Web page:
A friend was telling me about her work woes, how she didn’t feel challenged at a job she knew she performed well and how upset she was management had decided a restructuring and were now recruiting someone who would be over her.
“They didn’t even talk to us, the three people who were here from the beginning, to ask for our input. They didn’t even approach me for the position.”
I suggested she put together a proposal on how she saw the company moving forward and why she was a good asset to spearhead changes. They could only say no and/or give her a measure of how they felt about her performance.
After much more chatting and prodding, it turns out she doesn’t want the promotion in the first place. She feels slighted at not being asked. Primly, I pointed out her ego was clouding her judgment and the problem lay elsewhere: she was ambitious, she liked to make a difference, to be challenged and this job didn’t provide any of this, just a cushy paycheck. If she wanted the challenge and the perks, she needed to look elsewhere, or devote her free time to something that mattered.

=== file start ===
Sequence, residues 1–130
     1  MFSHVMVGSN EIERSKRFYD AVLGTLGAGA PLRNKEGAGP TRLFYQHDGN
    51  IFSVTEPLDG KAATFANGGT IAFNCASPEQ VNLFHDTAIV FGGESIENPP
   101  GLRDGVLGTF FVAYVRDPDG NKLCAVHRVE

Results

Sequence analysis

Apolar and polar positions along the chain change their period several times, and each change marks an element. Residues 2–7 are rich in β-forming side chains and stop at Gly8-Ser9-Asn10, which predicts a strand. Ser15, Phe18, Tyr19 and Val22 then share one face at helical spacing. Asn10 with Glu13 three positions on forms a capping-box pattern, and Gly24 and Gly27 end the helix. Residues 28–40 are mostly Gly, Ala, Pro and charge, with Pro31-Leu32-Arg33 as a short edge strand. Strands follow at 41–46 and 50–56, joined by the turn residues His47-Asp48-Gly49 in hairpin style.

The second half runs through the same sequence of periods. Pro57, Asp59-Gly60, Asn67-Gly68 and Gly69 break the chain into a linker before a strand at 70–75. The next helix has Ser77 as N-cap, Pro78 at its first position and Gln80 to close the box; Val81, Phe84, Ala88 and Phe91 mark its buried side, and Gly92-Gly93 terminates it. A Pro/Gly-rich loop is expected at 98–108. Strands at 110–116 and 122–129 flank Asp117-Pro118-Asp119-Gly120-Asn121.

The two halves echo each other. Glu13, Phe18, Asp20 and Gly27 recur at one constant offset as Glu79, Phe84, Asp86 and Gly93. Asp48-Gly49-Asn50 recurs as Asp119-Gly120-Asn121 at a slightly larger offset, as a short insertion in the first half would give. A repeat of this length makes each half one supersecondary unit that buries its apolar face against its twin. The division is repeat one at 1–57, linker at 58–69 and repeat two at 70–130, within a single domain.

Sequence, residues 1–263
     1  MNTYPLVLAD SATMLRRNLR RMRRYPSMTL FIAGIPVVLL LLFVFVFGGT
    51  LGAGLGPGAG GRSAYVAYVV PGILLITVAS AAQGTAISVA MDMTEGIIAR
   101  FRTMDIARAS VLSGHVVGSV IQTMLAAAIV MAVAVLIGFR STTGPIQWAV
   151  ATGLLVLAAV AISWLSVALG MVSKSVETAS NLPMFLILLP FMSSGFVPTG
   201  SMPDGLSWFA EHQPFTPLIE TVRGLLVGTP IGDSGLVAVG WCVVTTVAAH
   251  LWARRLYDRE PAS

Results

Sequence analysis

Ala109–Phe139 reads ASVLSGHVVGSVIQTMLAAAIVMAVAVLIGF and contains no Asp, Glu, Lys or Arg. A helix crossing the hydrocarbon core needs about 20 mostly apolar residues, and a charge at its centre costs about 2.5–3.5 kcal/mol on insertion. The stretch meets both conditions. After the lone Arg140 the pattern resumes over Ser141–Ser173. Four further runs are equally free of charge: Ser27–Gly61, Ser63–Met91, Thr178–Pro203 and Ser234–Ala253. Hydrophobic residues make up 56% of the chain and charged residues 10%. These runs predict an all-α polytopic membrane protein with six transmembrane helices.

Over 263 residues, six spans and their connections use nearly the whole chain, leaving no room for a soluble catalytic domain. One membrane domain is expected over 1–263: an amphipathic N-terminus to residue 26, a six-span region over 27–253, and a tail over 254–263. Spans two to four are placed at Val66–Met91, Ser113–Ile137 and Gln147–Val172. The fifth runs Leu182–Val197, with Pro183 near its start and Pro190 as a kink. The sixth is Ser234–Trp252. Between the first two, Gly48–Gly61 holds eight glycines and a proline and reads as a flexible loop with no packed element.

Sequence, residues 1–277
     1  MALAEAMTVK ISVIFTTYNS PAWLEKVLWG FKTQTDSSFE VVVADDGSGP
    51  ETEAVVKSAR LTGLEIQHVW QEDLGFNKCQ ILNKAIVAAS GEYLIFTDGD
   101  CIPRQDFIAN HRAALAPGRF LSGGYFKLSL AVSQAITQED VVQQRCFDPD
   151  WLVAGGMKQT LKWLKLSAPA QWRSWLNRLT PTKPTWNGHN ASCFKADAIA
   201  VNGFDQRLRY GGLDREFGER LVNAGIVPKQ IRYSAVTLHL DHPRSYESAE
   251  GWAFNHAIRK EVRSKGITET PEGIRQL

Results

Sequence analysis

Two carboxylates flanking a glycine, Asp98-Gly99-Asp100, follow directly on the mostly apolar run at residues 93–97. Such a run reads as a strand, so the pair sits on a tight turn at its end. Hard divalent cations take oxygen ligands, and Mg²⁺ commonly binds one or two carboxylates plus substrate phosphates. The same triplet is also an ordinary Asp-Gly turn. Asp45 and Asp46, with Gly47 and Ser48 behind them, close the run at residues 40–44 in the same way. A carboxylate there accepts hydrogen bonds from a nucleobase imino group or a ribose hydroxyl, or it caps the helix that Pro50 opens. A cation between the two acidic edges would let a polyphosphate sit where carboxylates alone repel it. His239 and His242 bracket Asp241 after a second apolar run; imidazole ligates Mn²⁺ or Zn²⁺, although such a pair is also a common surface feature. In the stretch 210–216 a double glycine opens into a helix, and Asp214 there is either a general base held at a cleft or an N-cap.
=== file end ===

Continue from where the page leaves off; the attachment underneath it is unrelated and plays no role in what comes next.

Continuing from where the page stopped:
Such a shame we are not very good at taking our own advice when it’s our turn. Not even twenty-four hours later, I fell into the same ego trap, like a rabbit down a hole.
I said something, rather unexpected, to someone I deeply care about without really pondering the consequences. Or, rather, I could rattle off the list of consequences, but I chose to set them aside to see if I would get the reaction I wanted. Which I didn’t. Partly because this person knows me very well and partly because I should have known better.
I was stunned at my stupidity. I let my ego take me to a place where I was seeking affirmation and need.
Without calling psychology to our aid, any cheap self-help book can recognize the root of ego-based impulses into a need for validation, stemming from a million reasons having to do with childhood, parents and whatever else we want to bring to the party. When you think you have learnt to recognize good old ego creeping up, it blindsides you once again – that is how strong it can be.
At least, with age, I have come to recognize it for what it is, if not always to stop it. And I am moving on. No harm done. Just some minor bruising.